Mayo Clinic researchers tie Parkinson's drugs to impulse control problems

Mar 24, 2011

Mayo Clinic researchers found that dopamine agonists used in treating Parkinson's disease result in impulse control disorders in as many as 22 percent of patients.

Mayo Clinic first reported on this topic in 2005. The follow-up study was published online in the February 2011 issue of Parkinsonism and Related Disorders.

Dopamine agonists, a class of drugs that include pramipexole (Mirapex) and ropinirole (Requip), are commonly used to treat Parkinson's disease. The drugs stimulate the brain's limbic circuits, which are thought to be pathways for emotional, reward and hedonistic behaviors. The medications have been linked to such impulse control disorders as pathological gambling and and to compulsive behaviors such as binge eating, spending, computer use or "hobbying."

Researchers reviewed Parkinson's disease patients' records over a recent two-year period, says Anhar Hassan, M.B., B.Ch., a neurology fellow at Mayo Clinic and lead investigator on the study.

"During this time, movement disorder physicians at Mayo Clinic were keenly aware that impulse control disorders could occur with these dopamine agonist drugs. If they encountered a patient who was taking this drug, they asked them or an accompanying family member whether or not they had noticed any new type of behavior. What we found was that in as many as 22 percent of patients during that two-year period had a new onset impulse control disorder," she says.

The study found that the higher the dose, the greater the likelihood of an impulse control behavior. "One in four patients who were on a medium therapeutic dose of the medication had an impulse control disorder," Dr. Hassan says. "For patients who were taking a higher range of the medication, about one in three developed an impulse control disorder."

Patients taking dopamine agonists should be aware of potential behavioral changes so they can be caught early, before they or their families are harmed, Dr. Hassan says. Once a new behavior is identified, reducing or stopping the medication usually resolves the problem over a few days to a month, she says.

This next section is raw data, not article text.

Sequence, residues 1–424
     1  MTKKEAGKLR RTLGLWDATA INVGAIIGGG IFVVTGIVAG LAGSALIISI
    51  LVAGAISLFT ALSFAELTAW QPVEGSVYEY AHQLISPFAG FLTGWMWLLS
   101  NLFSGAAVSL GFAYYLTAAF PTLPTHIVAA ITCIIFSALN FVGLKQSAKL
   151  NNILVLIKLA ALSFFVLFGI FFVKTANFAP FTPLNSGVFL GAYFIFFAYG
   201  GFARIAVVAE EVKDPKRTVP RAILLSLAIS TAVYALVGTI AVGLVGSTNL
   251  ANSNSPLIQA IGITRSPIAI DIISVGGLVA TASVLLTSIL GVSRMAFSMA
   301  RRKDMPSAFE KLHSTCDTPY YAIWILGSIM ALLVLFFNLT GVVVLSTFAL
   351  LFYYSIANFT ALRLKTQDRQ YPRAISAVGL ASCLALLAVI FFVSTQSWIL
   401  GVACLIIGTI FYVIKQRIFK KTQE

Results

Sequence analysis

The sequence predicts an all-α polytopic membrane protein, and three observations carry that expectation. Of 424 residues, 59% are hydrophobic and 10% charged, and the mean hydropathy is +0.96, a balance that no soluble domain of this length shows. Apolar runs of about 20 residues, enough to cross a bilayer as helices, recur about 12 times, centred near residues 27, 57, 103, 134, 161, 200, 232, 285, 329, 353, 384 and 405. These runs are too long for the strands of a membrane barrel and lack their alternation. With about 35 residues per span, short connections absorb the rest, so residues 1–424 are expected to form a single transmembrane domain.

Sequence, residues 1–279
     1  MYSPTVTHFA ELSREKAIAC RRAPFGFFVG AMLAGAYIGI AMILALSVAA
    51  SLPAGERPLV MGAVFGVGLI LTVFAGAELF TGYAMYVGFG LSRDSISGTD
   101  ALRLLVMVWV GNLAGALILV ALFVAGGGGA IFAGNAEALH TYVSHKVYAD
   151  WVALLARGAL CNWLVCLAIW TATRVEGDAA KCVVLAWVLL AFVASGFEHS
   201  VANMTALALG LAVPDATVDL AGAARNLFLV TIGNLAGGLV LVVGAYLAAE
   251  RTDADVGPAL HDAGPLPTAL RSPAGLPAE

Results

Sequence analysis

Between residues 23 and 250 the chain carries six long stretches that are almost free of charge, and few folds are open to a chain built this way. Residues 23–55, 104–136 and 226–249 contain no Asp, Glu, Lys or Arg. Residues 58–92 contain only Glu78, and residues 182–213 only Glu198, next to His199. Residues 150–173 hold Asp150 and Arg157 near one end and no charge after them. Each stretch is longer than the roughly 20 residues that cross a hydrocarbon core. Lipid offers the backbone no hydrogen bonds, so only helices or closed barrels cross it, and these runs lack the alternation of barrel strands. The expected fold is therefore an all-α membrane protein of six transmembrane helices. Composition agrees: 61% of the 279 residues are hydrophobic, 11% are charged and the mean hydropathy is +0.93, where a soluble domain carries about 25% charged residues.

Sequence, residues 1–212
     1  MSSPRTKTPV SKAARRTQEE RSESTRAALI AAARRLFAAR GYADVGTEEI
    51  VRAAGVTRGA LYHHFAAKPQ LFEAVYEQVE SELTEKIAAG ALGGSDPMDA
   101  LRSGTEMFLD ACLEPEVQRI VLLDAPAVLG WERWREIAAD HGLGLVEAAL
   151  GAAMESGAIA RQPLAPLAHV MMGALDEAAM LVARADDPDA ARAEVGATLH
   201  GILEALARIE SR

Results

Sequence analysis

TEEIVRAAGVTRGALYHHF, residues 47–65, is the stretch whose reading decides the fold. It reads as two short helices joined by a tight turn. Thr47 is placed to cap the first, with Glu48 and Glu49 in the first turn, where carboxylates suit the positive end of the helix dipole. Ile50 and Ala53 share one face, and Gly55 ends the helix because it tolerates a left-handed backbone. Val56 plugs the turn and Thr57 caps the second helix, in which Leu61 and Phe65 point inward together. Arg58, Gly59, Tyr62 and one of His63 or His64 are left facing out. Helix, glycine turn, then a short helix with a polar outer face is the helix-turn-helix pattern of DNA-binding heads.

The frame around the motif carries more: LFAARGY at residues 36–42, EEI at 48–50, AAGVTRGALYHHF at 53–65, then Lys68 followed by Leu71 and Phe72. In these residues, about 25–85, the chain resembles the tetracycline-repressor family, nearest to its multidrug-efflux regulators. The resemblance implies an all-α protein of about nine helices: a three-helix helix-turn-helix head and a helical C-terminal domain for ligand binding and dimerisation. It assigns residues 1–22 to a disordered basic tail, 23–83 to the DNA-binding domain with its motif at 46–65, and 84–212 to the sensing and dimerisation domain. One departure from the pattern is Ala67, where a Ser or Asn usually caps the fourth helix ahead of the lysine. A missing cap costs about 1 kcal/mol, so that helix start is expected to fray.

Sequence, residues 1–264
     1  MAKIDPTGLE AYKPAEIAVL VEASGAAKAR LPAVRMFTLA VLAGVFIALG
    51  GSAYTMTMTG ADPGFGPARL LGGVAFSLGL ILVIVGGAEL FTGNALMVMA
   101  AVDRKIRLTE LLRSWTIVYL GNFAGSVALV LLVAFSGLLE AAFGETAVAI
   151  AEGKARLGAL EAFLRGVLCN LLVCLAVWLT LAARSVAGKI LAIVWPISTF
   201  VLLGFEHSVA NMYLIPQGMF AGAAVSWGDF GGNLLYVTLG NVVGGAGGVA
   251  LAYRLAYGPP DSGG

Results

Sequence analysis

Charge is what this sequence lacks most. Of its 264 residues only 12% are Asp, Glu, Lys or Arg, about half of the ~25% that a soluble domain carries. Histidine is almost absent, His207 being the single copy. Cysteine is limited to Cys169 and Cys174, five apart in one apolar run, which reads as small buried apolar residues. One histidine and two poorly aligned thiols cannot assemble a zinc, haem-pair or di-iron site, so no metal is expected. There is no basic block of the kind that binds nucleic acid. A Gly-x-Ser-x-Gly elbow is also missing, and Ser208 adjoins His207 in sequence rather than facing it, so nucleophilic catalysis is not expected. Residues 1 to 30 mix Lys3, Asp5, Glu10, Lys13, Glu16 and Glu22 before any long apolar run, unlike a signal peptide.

Explore further: Seniors successfully withdraw from meds

add to favorites email to friend print save as pdf

Related Stories

Addiction: Insights from Parkinson's disease

Feb 25, 2009

A new comprehensive review by researchers at the Montreal Neurological Institute (MNI), McGill University and the University of Cambridge, England provides vital insights into the neurological basis of addiction by investigating ...

Recommended for you

Seniors successfully withdraw from meds

Sep 19, 2014

Elderly people have proved receptive to being de-prescribed medications, as part of a trial aimed at assessing the feasibility of withdrawal of medications among older people.

Flu vaccine for expectant moms a top priority

Sep 18, 2014

Only about half of all pregnant women in the U.S. get a flu shot each season, leaving thousands of moms-to-be and their babies at increased risk of serious illness.

Experts want restrictions on testosterone drug use (Update)

Sep 17, 2014

Federal health experts said Wednesday there is little evidence that testosterone-boosting drugs are effective for treating common signs of aging in men and that their use should be narrowed to exclude millions of Americans ...

User comments : 0